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Yes, Give it to me

The Truth About Support And Resistance (What Nobody Tells You) 

 March 24, 2020

By  Rayner

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In today’s episode, you’ll discover the truth about support and resistance which nobody tells you.

So tune in right now…

Resources

Support and Resistance Trading Strategy — The Advanced Guide

Descending Triangle Trading Strategy Guide

What is a buy limit order

What is a sell limit order

Transcript

Hey, hey, what’s up my friend?

In today’s episode, I want to share with you the truth about support and resistance that nobody tells you.

Here’s the thing…

It doesn’t matter whether you’re a swing trader, a day trader, a position trader, a counter-trend trader. Support resistance is one of the most commonly used tools in technical analysis. I find it’s important to really understand how this tool works.

What’s funny is that it’s very popular, but it’s pretty darn difficult to do a backtest on it because, let’s be honest, support and resistance are subjective.

What I’m about to share with you is based on my experience and years of trading support resistance, and based on my beliefs. But I could be wrong. So take the concepts and the idea I’m about to share with you to validate for yourself and find out if it’s true for you or not.

Let’s get started…

1. The more times support and resistance are tested within a short period of time, the weaker they become

For example, let’s talk about the shares of McDonald’s and huge institutions want to buy the 100 million shares of McDonald’s at $50. What’s gonna happen is that whenever price retest $50 at McDonald’s, out of this hundred million shares, a number of them are going to get filled.

Let’s say 50 million shares of McDonald’s get filled on the first test, then the price bounces higher, then it retests back to $50 again where 30 million shares get filled and the price rallies higher. Then the price came back after a few days and fill up the last remaining 20 million shares and bounces higher.

Now, imagine this, once all the hundred million shares are filled, and to keep things simple, no new order flow comes in when the price retest $50 once again, do you think there will be a bounce? Or will the $50 price level break?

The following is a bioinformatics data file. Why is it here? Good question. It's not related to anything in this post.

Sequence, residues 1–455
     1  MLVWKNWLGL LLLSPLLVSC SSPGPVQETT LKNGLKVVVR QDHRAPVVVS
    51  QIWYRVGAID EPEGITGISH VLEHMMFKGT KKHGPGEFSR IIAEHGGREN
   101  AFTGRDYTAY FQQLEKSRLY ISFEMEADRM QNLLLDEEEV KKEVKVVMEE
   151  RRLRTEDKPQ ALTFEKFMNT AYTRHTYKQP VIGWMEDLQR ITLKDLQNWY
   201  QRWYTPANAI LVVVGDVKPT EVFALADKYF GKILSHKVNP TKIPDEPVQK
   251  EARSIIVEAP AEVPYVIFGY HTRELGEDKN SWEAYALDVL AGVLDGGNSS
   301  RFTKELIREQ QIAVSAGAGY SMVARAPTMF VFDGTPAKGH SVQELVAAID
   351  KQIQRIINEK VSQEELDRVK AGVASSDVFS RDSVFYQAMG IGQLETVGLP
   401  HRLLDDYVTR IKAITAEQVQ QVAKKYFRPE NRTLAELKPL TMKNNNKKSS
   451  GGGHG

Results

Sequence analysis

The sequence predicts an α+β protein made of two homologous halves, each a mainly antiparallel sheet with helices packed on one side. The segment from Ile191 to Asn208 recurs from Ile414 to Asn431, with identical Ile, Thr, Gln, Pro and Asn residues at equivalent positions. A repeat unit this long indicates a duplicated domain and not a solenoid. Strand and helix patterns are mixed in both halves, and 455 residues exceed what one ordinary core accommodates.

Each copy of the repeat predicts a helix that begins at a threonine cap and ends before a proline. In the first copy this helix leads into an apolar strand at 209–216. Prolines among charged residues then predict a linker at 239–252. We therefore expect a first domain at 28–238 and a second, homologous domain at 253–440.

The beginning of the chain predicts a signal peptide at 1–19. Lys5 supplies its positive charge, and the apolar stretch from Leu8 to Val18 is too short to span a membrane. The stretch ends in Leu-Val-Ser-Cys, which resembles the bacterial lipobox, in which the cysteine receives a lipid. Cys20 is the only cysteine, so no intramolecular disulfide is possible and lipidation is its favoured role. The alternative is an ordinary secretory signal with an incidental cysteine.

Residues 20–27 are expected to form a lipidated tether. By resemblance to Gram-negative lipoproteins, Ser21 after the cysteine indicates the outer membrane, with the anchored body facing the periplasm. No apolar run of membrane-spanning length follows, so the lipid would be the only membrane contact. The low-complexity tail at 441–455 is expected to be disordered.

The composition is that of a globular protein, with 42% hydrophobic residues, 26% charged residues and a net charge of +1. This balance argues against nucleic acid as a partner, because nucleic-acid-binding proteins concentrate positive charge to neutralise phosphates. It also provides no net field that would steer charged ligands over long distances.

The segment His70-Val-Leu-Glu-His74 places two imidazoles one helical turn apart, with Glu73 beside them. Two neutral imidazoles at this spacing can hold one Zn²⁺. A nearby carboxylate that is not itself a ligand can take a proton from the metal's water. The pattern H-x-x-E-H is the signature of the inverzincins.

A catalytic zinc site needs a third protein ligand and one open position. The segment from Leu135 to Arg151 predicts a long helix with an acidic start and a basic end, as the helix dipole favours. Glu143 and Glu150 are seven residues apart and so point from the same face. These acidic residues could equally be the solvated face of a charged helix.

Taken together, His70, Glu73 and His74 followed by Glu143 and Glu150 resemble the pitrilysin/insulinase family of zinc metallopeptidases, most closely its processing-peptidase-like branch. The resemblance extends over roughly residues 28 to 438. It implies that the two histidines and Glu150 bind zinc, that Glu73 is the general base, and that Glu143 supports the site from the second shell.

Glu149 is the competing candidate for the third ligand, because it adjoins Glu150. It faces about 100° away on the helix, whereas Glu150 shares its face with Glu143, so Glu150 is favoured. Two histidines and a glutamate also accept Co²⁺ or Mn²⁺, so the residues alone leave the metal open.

Well, the price is likely to break. This is why the more times price tests a level within a short period of time, the weaker it becomes. Because order flow gets eaten up, and if no new order flow comes in, that’s where the level breakdown.

It doesn’t happen all the time, but generally, this is the case. This is why patterns like the ascending triangle is a bullish chart pattern. Because once all the selling pressure at resistance is used up, this is when the price makes a breakout.

Likewise for the descending triangle. The descending triangle is just the example of the McDonald’s one I’ve talked about earlier. Whenever price retest support, a bunch of order flow get filled. But if no new order flow comes in despite being retested multiple times, then the support area is likely to break down.

So that’s the first thing – the more times support and resistance are tested within a short period of time, the weaker it becomes. I know this goes against most textbooks that tell you, the more times support and resistance are being tested, the stronger it becomes.

But based on my experience, that’s not the case.

Moving on…

2. The longer the price is away from a level the more significant that level becomes

Let’s go back to the year 2000 after the dotcom bubble where NASDAQ approached near the $5,000 level and then it collapsed all the way down. It only revisited the $5,000 mark almost 20 years later.

Since the $5,000 level has held up for close to 20 years, it’s a significant level. If a level is significant, you want to be paying attention to it because a lot of traders will be watching the level.

For example, those who bought in 2000 near the $5,000 mark, they watched the asset price collapse for close to 20 years and only after 20 years then they see the price revisiting the highs.

So they feel a lot of pain. Imagine if you’re in the red for a good 20 years. That level becomes very significant. I’m not saying that the more significant is the more the reversal will occur because that’s not true.

Because if it breaks out of it, then you can imagine that the price will be trading at an all-time high, and there’s a good chance it’ll follow through higher.